A Brief Introduction to Captive Insurance
Over the past 20 years, many small businesses have begun to insure their own risks through a product called "Captive Insurance." Small captives (also referred to as single-parent captives) are insurance companies established by the owners of closely held businesses looking to insure risks that are either too costly or too difficult to insure through the normal insurance marketplace. Brad Barros, an expert within the field of captive insurance, explains how "all captives are treated as corporations and must be managed during a method according to rules established with both the IRS and therefore the appropriate insurance regulator."
According to Barros, often single parent captives are owned by a trust, partnership or other structure established by the premium payer or his family. When properly designed and administered, a business can make tax-deductible premium payments to their related-party insurance firm . counting on circumstances, underwriting profits, if any, are often paid bent the owners as dividends, and profits from liquidation of the corporate could also be taxed at capital gains.
Premium payers and their captives may garner tax benefits only the captive operates as a true insurance firm . Alternatively, advisers and business owners who use captives as estate planning tools, asset protection vehicles, tax deferral or other benefits not associated with truth business purpose of an insurance firm may face grave regulatory and tax consequences.
Many captive insurance companies are often formed by US businesses in jurisdictions outside of the us . the rationale for this is often that foreign jurisdictions offer lower costs and greater flexibility than their US counterparts. As a rule, US businesses can use foreign-based insurance companies goodbye because the jurisdiction meets the insurance regulatory standards required by the interior Revenue Service (IRS).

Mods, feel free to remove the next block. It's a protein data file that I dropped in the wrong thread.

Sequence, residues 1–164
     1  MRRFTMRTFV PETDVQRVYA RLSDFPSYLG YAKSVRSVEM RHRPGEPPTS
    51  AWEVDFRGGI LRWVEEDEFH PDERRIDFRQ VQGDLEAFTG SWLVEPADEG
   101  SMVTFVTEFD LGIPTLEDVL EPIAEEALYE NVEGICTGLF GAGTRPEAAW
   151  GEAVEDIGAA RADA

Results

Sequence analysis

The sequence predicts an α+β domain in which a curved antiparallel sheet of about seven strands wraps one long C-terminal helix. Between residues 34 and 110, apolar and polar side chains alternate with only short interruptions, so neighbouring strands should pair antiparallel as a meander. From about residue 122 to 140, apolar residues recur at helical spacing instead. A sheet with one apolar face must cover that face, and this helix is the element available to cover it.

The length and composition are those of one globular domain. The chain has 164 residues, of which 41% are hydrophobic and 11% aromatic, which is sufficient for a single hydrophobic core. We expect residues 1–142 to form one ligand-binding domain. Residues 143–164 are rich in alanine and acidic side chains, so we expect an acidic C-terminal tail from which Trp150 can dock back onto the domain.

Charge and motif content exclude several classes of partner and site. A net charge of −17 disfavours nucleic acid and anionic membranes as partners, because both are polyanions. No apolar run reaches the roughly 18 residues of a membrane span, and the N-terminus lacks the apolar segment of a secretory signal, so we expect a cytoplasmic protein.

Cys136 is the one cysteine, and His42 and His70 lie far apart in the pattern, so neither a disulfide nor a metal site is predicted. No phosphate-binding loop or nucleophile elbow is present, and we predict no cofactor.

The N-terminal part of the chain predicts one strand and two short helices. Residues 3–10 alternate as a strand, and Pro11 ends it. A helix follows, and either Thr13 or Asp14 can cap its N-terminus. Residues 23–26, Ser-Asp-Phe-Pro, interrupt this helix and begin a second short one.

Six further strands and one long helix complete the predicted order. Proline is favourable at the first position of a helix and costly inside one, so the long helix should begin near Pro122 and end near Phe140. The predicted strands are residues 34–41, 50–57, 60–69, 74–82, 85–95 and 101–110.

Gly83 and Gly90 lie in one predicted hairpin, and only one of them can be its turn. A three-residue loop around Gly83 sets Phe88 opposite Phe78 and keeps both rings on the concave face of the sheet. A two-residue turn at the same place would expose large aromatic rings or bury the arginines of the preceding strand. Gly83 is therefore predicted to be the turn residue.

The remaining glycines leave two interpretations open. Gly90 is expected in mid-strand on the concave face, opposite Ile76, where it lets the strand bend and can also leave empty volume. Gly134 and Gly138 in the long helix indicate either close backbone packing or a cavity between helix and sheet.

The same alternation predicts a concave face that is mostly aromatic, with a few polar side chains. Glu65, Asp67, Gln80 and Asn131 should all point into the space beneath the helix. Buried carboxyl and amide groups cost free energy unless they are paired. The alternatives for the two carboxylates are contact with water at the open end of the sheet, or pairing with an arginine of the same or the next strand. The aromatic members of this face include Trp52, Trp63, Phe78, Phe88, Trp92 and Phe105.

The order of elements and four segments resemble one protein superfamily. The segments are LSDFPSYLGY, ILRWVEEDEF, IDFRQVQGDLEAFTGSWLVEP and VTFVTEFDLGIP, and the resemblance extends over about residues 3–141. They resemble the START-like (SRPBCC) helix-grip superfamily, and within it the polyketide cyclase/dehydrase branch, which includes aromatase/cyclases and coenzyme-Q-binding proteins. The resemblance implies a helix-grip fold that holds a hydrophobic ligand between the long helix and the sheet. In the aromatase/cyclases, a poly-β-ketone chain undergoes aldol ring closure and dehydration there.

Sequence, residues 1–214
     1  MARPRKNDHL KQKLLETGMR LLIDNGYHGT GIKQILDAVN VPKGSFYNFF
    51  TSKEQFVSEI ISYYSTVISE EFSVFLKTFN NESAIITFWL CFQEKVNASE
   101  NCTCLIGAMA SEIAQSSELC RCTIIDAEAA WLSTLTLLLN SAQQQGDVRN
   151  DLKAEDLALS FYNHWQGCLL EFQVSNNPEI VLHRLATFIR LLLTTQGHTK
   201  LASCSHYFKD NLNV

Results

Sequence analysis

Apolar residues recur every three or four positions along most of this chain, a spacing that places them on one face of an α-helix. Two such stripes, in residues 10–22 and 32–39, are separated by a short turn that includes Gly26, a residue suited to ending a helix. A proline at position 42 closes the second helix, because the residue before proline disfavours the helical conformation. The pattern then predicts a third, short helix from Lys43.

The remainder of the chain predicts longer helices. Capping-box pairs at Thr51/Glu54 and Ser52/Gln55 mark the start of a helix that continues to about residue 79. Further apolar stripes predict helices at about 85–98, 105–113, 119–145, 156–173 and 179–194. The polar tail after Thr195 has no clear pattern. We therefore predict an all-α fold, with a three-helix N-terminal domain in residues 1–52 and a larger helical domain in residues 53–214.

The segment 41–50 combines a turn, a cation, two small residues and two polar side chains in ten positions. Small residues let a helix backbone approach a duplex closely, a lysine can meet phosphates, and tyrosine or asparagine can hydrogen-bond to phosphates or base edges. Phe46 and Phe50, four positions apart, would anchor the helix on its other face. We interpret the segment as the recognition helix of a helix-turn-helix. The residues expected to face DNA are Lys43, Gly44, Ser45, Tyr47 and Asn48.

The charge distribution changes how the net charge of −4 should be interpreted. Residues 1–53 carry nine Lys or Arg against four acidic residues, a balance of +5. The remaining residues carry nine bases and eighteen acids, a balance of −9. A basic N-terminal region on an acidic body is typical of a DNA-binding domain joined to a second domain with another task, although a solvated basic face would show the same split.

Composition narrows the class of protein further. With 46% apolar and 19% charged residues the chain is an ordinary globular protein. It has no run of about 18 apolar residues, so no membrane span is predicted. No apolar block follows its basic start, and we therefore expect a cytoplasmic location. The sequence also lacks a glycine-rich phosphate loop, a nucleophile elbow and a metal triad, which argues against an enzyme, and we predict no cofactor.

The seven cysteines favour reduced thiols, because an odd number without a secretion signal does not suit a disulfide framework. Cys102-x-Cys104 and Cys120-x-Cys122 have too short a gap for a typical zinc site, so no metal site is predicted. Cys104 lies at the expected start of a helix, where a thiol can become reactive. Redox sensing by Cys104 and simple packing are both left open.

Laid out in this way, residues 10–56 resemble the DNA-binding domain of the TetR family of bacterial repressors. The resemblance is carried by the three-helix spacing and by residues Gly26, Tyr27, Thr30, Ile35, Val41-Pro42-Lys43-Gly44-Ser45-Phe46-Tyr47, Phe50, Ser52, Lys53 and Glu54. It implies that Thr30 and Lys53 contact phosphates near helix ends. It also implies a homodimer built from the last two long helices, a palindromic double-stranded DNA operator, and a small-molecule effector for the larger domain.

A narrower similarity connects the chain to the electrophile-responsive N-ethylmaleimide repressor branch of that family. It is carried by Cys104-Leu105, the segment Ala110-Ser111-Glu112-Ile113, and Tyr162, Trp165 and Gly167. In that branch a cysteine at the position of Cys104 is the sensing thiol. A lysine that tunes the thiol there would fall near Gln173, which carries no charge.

There are several notable foreign jurisdictions whose insurance regulations are recognized as safe and effective. These include Bermuda and St. Lucia. Bermuda, while costlier than other jurisdictions, is home to several of the most important insurance companies within the world. St. Lucia, a more affordable location for smaller captives, is noteworthy for statutes that are both progressive and compliant. St. Lucia is additionally acclaimed for recently passing "Incorporated Cell" legislation, modeled after similar statutes in Washington, DC.
Common Captive Insurance Abuses; While captives remain highly beneficial to several businesses, some industry professionals have begun to improperly market and misuse these structures for purposes aside from those intended by Congress. The abuses include the following:
1. Improper risk shifting and risk distribution, aka "Bogus Risk Pools"
2. High deductibles in captive-pooled arrangements; Re insuring captives through private placement variable life assurance schemes
3. Improper marketing
4. Inappropriate life assurance integration
Meeting the high standards imposed by the IRS and native insurance regulators are often a posh and expensive proposition and will only be through with the help of competent and experienced counsel. The ramifications of failing to be an insurance firm are often devastating and should include the subsequent penalties:
1. Loss of all deductions on premiums received by the insurance firm
2. Loss of all deductions from the premium payer
3. Forced distribution or liquidation of all assets from the insurance firm effectuating additional taxes for capital gains or dividends
4. Potential adverse tax treatment as a Controlled Foreign Corporation
5. Potential adverse tax treatment as a private Foreign company (PFHC)
6. Potential regulatory penalties imposed by the insuring jurisdiction
7. Potential penalties and interest imposed by the IRS.
All in all, the tax consequences could also be greater than 100% of the premiums paid to the captive. additionally , attorneys, CPA's wealth advisors and their clients could also be treated as shelter promoters by the IRS, causing fines as great as $100,000 or more per transaction.